The U.S. Naval Institute (USNI) News reported that, the U.S. Navy has determined a flaw in the Freedom-class Littoral Combat Ship’s combining gear, a complicated gearing mechanism that links the engines of the ship, is an engineering defect that shipbuilder Lockheed Martin now has to fix. The U.S. Navy has linked propulsion failures in USS Detroit (LCS-7) and USS Little Rock (LCS-9) to a latent engineering defect in the bearings system that links the ship’s Rolls Royce MT30 gas turbines and the ship’s Colt-Pielstick diesel engines, which power the main drive shaft to achieve the ship’s 40-knot top speed.
As part of the defect determination, Lockheed Martin has been notified by the Navy that the service would not accept delivery of additional Freedom-class hulls until the company fixed the problem in the design, and that the company is responsible for the fix. Over a period of time, the bearings wear faster than anticipated and result in a failure of the combining gear. The problem was independent of the software glitch that resulted in the damage of the propulsion plant of USS Milwaukee (LCS-5) in 2015 or operator error that led to the damage of a different combing in gear on LCS USS Fort Worth (LCS-3). In a statement, Lockheed Martin said it was committed to a fix for the program.
Following the land-based testing, the Navy will likely test the fix at sea with the future Minneapolis-Saint Paul (LCS-21). Minneapolis-Saint Paul and Cooperstown (LCS-23) completed acceptance trials last year and both ships will remain in Wisconsin until their combing gear fixes are complete. Both ships will also undergo additional work that was slated for the ships’ post-delivery maintenance periods at their planned homeports in Mayport, Fla., to minimize delay in getting the ships operationally ready. The delay will also mean Minneapolis-Saint Paul will likely miss its planned commissioning ceremony in Duluth, Minn., scheduled for May.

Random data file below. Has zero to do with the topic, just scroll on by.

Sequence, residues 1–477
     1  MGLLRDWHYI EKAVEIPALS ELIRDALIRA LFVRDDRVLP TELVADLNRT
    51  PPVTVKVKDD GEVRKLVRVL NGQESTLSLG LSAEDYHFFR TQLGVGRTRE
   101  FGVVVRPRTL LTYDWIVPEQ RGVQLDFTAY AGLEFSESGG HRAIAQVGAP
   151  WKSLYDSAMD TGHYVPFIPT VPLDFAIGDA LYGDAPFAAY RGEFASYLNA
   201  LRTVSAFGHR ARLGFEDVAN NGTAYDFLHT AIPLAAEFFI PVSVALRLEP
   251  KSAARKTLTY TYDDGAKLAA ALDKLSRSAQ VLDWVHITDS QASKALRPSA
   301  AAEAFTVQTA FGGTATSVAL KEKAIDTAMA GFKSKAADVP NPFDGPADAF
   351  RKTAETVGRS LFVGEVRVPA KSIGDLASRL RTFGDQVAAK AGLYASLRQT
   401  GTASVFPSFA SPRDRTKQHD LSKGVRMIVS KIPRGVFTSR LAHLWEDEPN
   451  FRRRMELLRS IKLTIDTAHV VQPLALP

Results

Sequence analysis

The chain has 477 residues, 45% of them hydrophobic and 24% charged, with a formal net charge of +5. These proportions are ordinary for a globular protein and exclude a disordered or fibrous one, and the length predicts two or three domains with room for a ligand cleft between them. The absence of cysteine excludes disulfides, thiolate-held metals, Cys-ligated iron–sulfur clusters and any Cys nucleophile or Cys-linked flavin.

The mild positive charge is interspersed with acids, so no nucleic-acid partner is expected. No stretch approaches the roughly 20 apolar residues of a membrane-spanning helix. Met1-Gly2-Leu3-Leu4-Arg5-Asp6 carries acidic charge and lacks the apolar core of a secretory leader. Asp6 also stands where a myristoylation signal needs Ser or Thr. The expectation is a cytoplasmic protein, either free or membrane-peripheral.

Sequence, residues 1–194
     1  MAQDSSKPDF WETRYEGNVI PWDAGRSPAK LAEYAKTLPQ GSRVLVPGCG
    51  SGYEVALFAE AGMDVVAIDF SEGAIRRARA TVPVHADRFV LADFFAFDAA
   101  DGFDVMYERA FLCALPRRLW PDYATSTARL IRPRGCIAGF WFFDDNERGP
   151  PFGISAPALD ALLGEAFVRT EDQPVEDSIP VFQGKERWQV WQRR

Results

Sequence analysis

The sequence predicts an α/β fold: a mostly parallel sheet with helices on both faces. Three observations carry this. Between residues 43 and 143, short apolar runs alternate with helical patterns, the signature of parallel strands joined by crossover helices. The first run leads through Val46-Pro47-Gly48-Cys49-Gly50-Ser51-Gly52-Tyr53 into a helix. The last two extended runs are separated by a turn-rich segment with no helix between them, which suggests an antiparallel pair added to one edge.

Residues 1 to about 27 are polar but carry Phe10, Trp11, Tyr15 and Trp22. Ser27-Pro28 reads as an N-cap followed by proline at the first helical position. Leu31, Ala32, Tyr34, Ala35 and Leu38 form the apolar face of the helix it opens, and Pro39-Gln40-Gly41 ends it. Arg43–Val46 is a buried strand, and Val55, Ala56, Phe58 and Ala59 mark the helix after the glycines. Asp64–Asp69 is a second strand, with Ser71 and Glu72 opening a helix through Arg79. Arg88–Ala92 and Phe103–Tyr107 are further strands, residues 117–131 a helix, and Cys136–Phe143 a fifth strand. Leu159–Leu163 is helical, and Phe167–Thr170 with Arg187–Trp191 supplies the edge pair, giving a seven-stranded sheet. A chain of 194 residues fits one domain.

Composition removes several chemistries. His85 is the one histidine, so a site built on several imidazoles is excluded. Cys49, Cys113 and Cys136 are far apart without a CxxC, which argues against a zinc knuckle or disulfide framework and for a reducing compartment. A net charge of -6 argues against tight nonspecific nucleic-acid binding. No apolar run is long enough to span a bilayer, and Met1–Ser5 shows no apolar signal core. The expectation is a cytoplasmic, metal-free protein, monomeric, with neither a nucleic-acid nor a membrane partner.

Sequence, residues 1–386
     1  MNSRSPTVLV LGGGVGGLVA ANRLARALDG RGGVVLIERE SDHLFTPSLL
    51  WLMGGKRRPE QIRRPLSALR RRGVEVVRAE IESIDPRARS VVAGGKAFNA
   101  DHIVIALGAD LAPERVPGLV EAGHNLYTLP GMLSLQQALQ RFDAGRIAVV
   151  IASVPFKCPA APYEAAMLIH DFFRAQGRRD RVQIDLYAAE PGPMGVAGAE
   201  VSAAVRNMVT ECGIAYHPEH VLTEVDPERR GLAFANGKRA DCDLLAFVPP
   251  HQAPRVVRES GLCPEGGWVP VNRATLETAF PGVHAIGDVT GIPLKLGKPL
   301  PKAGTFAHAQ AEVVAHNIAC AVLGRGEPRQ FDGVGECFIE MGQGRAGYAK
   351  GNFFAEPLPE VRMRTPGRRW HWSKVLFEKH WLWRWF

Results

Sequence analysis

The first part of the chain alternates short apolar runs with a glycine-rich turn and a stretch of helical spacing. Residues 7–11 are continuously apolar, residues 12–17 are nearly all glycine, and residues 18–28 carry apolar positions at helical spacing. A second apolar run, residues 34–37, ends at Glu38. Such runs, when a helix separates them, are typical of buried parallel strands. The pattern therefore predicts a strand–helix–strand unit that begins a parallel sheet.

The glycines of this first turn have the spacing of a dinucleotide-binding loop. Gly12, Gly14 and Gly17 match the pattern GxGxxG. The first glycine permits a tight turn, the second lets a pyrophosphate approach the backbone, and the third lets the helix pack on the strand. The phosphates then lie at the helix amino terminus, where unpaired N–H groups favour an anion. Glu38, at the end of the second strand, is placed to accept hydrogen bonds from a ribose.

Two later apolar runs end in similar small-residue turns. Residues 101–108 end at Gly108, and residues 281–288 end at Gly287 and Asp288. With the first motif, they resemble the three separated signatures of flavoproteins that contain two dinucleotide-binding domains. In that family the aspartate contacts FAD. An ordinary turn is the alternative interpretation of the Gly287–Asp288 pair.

While the U.S. Navy and the companies know what to fix, they are now figuring out how to most efficiently access and replace the gearing mechanism found deep in the ship. Lessons learned from the initial repairs after the combining gear failures on Detroit and Little Rock have shown that the repairs can happen without having to put the ships in a dry dock; instead, the repair yard could build a cofferdam around part of the hull that needs to be cut and then navigate through the piping and wiring to get to the gear. Lockheed Martin is also testing a method the company developed internally that would allow the repair to occur without cutting into the hull of the ship and could save months on the process